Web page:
Jesus went up on a mountainside and called to him those he wanted, and they came to him. He appointed twelve—designating them apostles—that they might be with him and that he might send them out to preach and to have authority to drive out demons. These are the twelve he appointed: Simon (to whom he gave the name Peter James son of Zebedee and his brother John (to them he gave the name Boanerges, which means Sons of Thunder); Andrew, Philip, Bartholomew, Matthew, Thomas, James son of Alphaeus, Thaddaeus, Simon the Zealot and Judas Iscariot, who betrayed him. (Mark 3:13-19)
Have you ever read a passage for the 100th time and caught something that you never saw before? That’s the beauty of Scripture, it is living and breathing and continually penetrates into our very core to transform us to be more Christlike.
I was reading this passage the other day and a phrase that is probably mostly overlooked stood out to me: that they might be with him. As I continue on in my own spiritual formation, I realize that God is not sitting there with a checklist of what I am accomplishing to be a better disciple of Christ. Instead, he is asking for total commitment and for time. When he called the first apostles, the plan was for them to spend as much time with Jesus as possible in order that they might be trained by him and grow in their relationship with the Father, through the Son.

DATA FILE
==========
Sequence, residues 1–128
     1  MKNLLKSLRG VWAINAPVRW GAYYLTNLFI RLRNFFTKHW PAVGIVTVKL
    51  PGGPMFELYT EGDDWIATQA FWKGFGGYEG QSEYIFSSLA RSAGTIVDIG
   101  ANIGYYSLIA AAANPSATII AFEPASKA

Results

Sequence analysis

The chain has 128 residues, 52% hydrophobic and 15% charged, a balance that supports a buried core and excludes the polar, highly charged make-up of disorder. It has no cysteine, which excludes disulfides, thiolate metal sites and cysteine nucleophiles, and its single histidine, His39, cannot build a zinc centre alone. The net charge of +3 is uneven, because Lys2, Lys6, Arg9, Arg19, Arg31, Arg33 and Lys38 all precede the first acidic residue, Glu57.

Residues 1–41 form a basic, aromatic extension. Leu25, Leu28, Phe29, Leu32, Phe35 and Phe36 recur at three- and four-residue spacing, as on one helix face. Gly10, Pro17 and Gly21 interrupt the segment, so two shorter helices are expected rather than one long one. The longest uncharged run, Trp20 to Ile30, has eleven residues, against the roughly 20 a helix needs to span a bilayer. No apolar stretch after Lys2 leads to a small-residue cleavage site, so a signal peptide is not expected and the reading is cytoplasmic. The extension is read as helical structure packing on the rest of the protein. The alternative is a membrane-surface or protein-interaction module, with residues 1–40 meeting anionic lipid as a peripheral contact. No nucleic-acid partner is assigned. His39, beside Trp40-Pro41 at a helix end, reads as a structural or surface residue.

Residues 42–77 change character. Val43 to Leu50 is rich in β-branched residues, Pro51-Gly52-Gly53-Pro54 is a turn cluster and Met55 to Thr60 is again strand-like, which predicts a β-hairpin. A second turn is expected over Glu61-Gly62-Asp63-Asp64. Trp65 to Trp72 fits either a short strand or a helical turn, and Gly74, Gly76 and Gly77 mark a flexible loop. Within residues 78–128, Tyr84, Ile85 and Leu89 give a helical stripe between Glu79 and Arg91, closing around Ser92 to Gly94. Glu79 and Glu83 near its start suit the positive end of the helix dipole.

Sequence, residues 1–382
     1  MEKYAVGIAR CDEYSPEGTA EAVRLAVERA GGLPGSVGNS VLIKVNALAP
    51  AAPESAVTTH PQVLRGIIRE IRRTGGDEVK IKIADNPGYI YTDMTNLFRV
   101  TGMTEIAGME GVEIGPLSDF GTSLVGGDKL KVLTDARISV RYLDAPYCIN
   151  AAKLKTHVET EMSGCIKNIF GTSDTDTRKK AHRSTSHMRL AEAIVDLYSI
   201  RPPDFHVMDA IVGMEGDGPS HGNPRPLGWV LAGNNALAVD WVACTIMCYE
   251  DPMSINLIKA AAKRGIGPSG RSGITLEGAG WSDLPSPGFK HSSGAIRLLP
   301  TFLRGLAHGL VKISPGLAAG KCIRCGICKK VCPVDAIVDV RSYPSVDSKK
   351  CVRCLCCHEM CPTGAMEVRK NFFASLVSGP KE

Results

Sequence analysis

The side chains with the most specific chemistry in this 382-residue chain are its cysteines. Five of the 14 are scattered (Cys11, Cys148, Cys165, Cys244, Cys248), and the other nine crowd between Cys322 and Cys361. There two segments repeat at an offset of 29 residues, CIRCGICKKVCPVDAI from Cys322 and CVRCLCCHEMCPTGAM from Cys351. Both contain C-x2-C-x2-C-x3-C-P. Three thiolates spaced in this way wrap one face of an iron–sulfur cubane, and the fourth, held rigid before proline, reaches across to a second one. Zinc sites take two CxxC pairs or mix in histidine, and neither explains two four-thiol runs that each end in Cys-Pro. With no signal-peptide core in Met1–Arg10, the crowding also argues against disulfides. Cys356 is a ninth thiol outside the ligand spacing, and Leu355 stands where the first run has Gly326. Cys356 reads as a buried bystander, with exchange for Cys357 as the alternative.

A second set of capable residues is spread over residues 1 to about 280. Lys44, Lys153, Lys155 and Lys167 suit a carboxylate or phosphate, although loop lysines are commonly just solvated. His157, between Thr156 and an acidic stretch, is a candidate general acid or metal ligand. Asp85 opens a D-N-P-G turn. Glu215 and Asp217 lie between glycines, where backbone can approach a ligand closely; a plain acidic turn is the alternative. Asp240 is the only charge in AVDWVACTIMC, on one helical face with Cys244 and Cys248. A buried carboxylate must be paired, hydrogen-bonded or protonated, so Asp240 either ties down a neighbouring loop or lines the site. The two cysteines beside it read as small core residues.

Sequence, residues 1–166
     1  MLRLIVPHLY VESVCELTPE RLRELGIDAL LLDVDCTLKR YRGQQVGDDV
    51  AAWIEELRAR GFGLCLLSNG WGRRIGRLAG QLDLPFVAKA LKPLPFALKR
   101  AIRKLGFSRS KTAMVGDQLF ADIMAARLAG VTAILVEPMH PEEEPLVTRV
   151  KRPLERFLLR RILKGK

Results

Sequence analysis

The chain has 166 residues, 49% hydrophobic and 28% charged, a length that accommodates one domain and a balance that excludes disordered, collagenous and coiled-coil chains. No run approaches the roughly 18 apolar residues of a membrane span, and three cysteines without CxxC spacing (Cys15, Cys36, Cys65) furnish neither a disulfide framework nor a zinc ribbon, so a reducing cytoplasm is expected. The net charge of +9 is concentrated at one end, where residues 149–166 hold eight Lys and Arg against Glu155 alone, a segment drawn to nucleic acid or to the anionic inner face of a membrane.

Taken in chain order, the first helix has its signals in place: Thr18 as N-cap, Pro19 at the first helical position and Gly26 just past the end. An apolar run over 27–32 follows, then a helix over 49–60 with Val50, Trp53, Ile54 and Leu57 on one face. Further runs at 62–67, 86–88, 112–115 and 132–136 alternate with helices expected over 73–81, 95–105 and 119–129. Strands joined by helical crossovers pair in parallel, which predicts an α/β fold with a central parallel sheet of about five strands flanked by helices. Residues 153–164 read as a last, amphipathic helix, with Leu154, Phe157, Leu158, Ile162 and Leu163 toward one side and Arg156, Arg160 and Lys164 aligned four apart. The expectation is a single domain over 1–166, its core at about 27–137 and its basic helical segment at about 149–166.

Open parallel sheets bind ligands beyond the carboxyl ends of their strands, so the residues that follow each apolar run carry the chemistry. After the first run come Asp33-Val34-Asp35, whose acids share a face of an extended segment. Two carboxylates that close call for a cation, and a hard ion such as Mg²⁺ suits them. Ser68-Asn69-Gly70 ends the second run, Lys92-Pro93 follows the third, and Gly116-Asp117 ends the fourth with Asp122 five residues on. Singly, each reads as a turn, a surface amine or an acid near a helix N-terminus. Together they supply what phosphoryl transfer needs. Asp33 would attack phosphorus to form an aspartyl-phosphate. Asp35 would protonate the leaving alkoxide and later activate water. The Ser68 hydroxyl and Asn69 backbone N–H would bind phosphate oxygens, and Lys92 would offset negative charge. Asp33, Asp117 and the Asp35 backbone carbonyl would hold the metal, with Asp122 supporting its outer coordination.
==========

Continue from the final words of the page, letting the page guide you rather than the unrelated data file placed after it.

Somewhere along the way, we got the idea that we were supposed to be bound to the Law, the very Law that Paul tells us we are no longer bound to. Although we have been saved by grace through faith, we continually try to come up with ways that we can earn our salvation. It is hard to accept grace. It is hard to think that someone would give us such a gift just because he loves us. So, we make every effort to feel like we are “earning” it.
God requires total commitment on our part, how are we doing with that? I know that I fall short. Things can push that time out of the way. I can begin to become very pharisaical and make every effort to “earn” my salvation. The Father is calling us to spend time with him that we might become more like his Son every day. That time does not always need to be filled with “stuff.” God speaks to us through his inspired Word and he speaks to us when we pray, but the Bible has stories of God’s speaking in the midst of silence. The best relationships are ones where neither party feels the need to fill the air with useless babble or meaningless conversation, sometimes more can be said in silence than with words.
So, how are you following the Master? Are you walking close, carrying your list, and checking things off as you go. Or are you content to stand in his presence, allowing him to transform you in whatever way he sees fit?